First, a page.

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Wilson could not be shown because his pipe would be banned. That would be nonsense as well. Surely the whole point of acting is to create an illusion. We do not actually need to see smoke physically coming out of the pipes or cigars. There was also a discussion about whether non-carcinogenic herbal cigarettes could be used instead, as they produce smoke that would not be so bad for people. However, that possibility appears to have been ruled out as well.

I cannot see why we need this exemption at all. I notice that amendment No. 2 talks about “artistic integrity”. If I were to go to see a play, and I saw an actor smoking in circumstances that I did not deem necessary to the plot, could I go to the licensing authority or the relevant local authority to protest? Would that authority have a panel of people who had been trained to judge whether the artistic integrity of the play would have been impeded by the presence or absence of a cigarette? It is nonsense to set people up in bureaucratic structures to judge whether in a particular case it was, as young actresses say, necessary to the plot.

I am reassured that the Minister seems minded not to allow an exemption for rehearsals; otherwise, we could end up in the extraordinary situation in which smoking was permitted—although only by those characters for whom the integrity of the plot required it—until the moment at which the director shouted, “Cut!” At that point, all the cigarettes would quickly have to be stamped out. No one working on the set would be allowed to smoke, but they would be allowed to inhale the smoke from the actor who had just been performing. No one would be able to smoke during the break, but they would be able to breathe in the actor’s smoke once the rehearsal started again. Those working on the set would be able to breathe in smoke, but only if it was someone else’s.

One of the beauties of the legislation is that, in most cases, there is no room for doubt. It is clear cut. We are not going to talk about the distance from the bar or about rooms with ventilation. The Minister’s argument throughout was for a comprehensive ban with as few exemptions as possible so that people would know where they stood and self-enforcement would be easier. Yet here we are with this peculiar luvvies’ amendment. I wonder what is behind it.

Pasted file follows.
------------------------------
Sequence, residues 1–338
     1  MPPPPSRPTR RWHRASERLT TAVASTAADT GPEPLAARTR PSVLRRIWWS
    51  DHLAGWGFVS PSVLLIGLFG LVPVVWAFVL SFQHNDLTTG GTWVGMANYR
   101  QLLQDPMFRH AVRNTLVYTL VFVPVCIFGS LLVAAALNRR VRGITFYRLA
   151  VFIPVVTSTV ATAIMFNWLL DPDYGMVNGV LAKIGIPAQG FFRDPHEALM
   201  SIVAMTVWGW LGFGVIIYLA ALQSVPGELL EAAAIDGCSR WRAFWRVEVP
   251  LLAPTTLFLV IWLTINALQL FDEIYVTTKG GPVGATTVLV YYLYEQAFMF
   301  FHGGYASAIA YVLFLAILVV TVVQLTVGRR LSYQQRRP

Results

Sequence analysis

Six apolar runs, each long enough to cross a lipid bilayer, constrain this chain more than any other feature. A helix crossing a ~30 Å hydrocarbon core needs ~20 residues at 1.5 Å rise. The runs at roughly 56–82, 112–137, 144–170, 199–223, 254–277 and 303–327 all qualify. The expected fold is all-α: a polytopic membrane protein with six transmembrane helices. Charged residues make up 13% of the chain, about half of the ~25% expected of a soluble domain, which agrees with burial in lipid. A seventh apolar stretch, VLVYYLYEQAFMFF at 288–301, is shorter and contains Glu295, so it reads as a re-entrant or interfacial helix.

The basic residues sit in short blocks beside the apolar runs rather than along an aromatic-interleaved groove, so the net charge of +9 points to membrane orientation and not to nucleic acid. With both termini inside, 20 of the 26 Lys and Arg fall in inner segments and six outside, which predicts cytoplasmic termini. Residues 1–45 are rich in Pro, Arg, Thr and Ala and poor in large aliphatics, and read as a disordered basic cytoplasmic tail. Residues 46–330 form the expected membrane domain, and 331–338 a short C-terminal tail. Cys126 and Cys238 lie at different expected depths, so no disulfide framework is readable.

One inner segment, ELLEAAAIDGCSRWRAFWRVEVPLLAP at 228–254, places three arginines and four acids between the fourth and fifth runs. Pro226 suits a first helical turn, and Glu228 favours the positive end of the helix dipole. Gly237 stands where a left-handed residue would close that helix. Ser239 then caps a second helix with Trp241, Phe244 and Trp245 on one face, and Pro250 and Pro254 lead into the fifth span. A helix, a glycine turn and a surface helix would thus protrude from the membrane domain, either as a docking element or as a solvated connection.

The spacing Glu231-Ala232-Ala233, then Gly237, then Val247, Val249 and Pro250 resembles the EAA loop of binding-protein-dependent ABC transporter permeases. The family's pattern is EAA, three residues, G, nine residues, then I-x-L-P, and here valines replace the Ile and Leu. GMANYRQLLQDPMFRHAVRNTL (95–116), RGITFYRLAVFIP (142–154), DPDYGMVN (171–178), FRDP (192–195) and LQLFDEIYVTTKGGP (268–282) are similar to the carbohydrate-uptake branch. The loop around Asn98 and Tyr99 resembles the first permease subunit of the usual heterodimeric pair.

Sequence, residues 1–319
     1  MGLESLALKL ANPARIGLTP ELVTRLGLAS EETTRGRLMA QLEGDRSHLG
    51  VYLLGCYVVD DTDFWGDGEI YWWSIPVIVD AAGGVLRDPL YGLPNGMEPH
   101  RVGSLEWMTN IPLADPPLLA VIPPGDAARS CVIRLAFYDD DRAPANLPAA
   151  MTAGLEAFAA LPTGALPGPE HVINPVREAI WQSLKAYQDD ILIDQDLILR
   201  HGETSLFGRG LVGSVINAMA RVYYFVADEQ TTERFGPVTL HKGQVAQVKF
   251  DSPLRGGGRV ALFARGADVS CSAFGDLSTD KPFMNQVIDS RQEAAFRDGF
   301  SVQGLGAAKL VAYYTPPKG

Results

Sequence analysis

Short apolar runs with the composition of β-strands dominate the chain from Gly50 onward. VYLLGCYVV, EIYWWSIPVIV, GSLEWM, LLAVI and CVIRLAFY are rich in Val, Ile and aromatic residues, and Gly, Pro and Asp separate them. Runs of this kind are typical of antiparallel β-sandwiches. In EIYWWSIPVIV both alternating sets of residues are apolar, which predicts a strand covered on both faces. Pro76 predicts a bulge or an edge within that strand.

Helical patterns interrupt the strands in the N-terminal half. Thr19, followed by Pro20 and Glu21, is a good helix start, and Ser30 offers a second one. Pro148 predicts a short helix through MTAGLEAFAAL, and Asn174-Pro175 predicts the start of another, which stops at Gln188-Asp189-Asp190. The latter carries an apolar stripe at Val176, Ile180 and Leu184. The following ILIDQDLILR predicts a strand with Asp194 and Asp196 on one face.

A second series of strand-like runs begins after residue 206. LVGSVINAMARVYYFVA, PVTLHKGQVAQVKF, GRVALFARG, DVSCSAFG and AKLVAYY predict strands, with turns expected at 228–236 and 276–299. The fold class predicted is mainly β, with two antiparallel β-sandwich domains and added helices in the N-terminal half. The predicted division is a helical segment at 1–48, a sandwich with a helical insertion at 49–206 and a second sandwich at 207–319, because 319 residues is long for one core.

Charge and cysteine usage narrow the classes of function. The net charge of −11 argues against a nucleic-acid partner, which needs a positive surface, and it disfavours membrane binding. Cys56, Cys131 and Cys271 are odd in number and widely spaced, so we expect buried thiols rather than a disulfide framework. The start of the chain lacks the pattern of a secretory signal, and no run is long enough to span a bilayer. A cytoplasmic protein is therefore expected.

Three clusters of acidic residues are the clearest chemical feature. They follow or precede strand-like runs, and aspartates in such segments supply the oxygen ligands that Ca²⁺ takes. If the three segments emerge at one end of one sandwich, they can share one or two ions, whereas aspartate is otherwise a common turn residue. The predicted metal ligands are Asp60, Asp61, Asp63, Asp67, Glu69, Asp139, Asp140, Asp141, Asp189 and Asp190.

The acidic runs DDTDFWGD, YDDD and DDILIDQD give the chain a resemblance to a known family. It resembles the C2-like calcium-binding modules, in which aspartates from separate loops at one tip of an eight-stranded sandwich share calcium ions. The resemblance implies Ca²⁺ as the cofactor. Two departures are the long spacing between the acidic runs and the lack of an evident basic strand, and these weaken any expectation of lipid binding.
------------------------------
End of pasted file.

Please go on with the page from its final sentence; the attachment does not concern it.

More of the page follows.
5.15 pm

David Taylor: I said a moment ago that I thought that this was a pretty fair stab at a set of regulations. Does the hon. Gentleman agree, however, that there are areas that might be further improved, not least those relating to sports stadiums and railway stations, many of which are not yet within the remit of the regulations, even though substantial numbers of people have a significant risk of being exposed to large amounts of smoke in those places?

Steve Webb: I certainly agree that there are still some grey areas, and my point about this artistic integrity exemption is that it creates more grey areas. I have stood—that shows how long ago it was—at football matches and been absolutely choked by cigarette smoke, albeit only for 90 minutes, so one would have to
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make a judgment about the long-term harm that it was doing to me. What we need above all is clarity. People need to know where they stand, and what is lawful and what is not. My worry about these amendments is that we are introducing new loopholes and ambiguities, and all because of something that could be perfectly well avoided by other means.

Dr. Murrison: How does the hon. Gentleman reconcile his philistine attitude towards these amendments with his party’s liberal attitude to the smoking of cannabis?

Steve Webb: No discussion on the Health Bill would be complete with the hon. Gentleman trying to bring cannabis into it. He seems to be fixated on it—I do not know whether there is anything that he would like to declare at this point.